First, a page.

An activated complex is formed which then decomposes to yield the products in two steps as outlined below:
Step I: E + S → ES*
Step II: ES* → E + P

Some Industrial Catalytical Processes:

 Process Catalyst 1. Haber’s process for the manu-facture of ammonia N2(g) + 3H2(g) → 2NH3(g) 1. Finely divided iron, molybdenum as promoter; conditions: 200 bar pressure and 723 – 773K temperature. 2. Ostwald’s process for the manu-facture of nitric acid. 4NH3(g) + 5O2(g) → 4N0(g) + 6H2O(g) 2NO(g) + O2(g) → 2NO2(g) 4NO2(g) + 2H2O(l) + O2(g) → 4HNO3(l) 2. Platinised asbestos; temperature: 573K. 3. Contact process for the manu-facture of sulphuric acid. 2SO2(g) + O2 (g) ⇌ 2SO3(g) SO3(g) + H2SO4 (l) → H2S2O7 (l)oleum H2S2O7 (l)+H2O (l) → 2H2SO4 (l) 3. Platinised asbestos or vanadium pentoxide (V205); temperature 673-723K.

Colloids: A colloid is a heterogeneous system in which one substance is dispersed (dispersed phase) as very fine particles in another substance called dispersion medium.

The essential difference between a solution and a colloid is that of particle size. Their size is in between that of true solution and suspension

Classification of Colloids: Colloids are classified on the basis of the following criteria:
(a) Physical state of dispersed phase and dispersion medium.
(b) Nature of interaction between dispersed phase and dispersion medium.
(c) Type of particles of the dispersed phase.
(a) Physical state of dispersed phase and dispersion medium: Depending upon whether the dispersed phase and the dispersion medium are solids, liquids or gases, eight types of colloidal systems are possible.

Types of Collodial Systems:

(b) Depending upon the nature of interactions between the dispersed phase and dispersion medium, the colloids can be classified as Lyophilic Colloids and Lyophobic Colloids.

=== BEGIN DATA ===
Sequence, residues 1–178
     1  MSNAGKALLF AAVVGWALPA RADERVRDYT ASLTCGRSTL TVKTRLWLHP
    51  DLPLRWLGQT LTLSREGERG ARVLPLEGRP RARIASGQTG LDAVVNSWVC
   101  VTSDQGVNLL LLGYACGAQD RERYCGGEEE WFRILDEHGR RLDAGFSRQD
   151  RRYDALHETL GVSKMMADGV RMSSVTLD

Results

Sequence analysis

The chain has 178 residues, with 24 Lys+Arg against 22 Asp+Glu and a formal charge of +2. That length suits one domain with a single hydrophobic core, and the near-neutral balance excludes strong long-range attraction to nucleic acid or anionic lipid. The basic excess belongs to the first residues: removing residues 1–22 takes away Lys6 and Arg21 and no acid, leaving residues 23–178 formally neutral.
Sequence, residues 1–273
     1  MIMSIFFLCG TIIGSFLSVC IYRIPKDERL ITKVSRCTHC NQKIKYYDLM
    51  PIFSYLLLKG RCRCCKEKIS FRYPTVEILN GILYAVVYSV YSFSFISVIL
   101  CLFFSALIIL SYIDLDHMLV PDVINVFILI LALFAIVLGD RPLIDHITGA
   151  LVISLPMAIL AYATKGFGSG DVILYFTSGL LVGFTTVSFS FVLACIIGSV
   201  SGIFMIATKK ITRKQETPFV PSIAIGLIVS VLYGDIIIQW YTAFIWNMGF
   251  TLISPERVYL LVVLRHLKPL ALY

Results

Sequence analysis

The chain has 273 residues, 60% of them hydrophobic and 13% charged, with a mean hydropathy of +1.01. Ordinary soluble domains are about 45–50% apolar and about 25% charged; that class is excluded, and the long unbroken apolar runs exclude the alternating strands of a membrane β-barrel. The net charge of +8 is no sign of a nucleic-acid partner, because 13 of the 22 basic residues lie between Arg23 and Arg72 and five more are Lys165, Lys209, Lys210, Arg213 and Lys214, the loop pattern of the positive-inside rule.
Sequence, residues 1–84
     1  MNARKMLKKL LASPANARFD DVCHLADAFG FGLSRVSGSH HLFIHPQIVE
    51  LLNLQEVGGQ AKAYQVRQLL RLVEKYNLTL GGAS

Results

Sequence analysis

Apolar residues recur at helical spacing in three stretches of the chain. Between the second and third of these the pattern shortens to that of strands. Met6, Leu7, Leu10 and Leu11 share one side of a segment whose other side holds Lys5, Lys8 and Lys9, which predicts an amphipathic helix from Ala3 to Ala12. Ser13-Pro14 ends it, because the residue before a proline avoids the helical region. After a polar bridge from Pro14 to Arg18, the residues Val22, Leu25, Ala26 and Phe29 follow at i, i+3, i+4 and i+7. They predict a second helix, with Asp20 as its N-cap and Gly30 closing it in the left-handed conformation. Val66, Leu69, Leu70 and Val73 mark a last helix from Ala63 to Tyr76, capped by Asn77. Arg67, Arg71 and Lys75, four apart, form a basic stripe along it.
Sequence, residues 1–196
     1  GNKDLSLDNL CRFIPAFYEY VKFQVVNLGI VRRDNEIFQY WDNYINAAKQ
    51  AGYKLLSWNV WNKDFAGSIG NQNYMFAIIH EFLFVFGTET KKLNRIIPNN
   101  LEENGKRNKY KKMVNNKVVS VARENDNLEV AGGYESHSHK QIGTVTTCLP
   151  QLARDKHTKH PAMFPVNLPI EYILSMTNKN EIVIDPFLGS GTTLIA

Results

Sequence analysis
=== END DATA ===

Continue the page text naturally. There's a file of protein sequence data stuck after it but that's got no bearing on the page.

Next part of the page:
1. Lyophilic collids: The colloidal solutions in which the particles of the dispersed phase have a great affinity (or love) for the dispersion medium are called lyophilic colloids. Such solutions are reversible in nature. In case water acts as the dispersion medium, the lyophilic colloid is called hydrophilic colloid. The common examples of lyophilic colloids are glue, gelatin, starch, proteins, rubber etc.

2. Lyophobic colloids: The colloidal solutions in which the particles of the dispersed phase have no affinity or love, rather have hatred for the dispersion medium, are called lyophobic collids. The solutions of metals like Ag and Au, hydroxides like Al (OH)3 and Fe (OH)3 and metal sulphides like As2S3 are examples of lyophobic colloids.
Such sols are formed with difficulty. They are irreversible in nature.

Multimolecular Macromolecular And Associated Colloids:
Depending upon the molecular size, the colloids can be classified as:
1. Multimolecular colloids: In this type, the particles consist of an aggregate of atoms or small molecules with molecular size less than 1 nm. For example, sols of gold atoms and sulphur (S8) molecules. In these colloids, the particles are held together by Van der Waals forces.

2. Macromolecular colloids: In this type, the particles of the dispersed phase are sufficiently big in size (macro) to be of colloidal dimensions. In this case, a large number of small molecules are joined together through their primary valencies to form giant molecules.

These molecules are called macro molecules and each macromolecule may consist of hundreds or thousands of simple molecules. The solution of such moleucles are called macromolecular soluions. For example, colloidal solution of starch, cellulose, etc.

3. Associated colloids: These are the substances which behave as normal electrolytes at low concentration but behave, as colloidal particles at higher concentration. These associated particles are also called miscelles. For example, in aqueous solution, soap (sodium stearate) ionises as: